Uncertainty analysis for large-scale model studies is a challenging activity that requires a different approach to uncertainty analysis at a smaller scale. However, in river basin studies, the practice of uncertainty analysis at a large scale is mostly derived from practice at a small scale. The limitations and inherent subjectivity of some current practices and assumptions are identified, based on the results of a quantitative uncertainty analysis exploring the effects of input data and parameter uncertainty on surface water nutrient concentration. We show that: (i) although the results from small- scale sensitivity analysis are often applied at larger scales, this is not always valid; (ii) the current restriction of the uncertainty assessment to uncertainty types with a strong evidence base gives structurally conservative estimates; (iii) uncertainty due to bias is usually not assessed, but it may easily outweigh the effects of variability; (iv) the uncertainty bandwidth may increase for higher aggregation levels, although the opposite is the standard assumption.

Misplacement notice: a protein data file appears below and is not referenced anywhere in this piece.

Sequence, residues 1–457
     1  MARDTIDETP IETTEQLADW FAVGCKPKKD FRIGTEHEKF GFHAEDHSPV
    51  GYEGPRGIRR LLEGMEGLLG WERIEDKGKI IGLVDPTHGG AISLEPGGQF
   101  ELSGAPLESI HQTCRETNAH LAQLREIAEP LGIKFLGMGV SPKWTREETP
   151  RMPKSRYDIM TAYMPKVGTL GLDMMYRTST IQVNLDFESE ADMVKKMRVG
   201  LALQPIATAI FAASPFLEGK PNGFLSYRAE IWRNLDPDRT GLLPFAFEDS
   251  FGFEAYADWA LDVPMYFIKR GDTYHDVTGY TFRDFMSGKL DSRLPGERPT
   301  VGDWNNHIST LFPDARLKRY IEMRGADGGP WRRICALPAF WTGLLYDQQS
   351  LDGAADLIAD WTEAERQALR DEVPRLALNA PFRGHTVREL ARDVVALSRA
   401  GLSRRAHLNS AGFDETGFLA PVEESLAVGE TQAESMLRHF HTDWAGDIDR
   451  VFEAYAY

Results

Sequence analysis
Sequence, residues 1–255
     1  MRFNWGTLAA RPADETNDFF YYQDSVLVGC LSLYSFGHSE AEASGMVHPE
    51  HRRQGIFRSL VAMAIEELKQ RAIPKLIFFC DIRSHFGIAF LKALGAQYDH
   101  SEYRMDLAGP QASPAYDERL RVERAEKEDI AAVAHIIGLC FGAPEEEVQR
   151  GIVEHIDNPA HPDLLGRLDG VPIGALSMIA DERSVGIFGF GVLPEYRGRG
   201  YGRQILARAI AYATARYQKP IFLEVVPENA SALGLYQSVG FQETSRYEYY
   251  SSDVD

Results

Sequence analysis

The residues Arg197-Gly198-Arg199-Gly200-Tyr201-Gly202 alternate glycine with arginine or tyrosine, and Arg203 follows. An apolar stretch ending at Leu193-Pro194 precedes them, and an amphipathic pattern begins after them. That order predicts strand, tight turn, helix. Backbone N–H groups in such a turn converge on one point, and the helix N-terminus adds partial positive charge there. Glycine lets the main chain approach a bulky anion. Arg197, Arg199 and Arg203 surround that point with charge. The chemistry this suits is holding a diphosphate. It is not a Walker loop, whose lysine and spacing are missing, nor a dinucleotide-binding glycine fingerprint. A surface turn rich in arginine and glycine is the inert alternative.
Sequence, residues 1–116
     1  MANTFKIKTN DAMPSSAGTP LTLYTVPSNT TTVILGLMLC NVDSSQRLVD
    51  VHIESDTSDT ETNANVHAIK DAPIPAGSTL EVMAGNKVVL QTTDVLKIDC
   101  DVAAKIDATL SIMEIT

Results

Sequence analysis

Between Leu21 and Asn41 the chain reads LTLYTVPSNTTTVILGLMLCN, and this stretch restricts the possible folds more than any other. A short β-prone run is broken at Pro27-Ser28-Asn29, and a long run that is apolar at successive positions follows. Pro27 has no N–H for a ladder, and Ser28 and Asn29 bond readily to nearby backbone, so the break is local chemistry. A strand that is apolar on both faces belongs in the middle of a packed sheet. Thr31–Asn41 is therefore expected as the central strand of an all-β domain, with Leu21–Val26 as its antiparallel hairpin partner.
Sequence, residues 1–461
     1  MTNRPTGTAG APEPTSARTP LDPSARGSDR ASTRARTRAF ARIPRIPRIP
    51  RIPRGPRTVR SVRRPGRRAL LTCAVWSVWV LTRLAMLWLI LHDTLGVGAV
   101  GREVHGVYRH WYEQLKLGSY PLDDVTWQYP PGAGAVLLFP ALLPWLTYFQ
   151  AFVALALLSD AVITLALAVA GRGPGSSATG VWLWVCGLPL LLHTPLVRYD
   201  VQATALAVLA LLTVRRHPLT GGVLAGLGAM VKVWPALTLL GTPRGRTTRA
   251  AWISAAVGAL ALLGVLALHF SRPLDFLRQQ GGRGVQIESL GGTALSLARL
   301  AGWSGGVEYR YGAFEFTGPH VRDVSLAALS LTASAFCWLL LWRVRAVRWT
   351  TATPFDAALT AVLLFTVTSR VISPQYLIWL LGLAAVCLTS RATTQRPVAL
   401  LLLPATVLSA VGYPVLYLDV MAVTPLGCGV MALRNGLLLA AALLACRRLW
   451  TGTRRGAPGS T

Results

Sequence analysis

|Publication status||Published - 22 Jan 2008|
|Event||Poster, FOM meeting 2008 - Veldhoven, the Netherlands|
Duration: 22 Jan 2008 → 23 Jan 2008
|Conference||Poster, FOM meeting 2008|
|City||Veldhoven, the Netherlands|
|Period||22/01/08 → 23/01/08|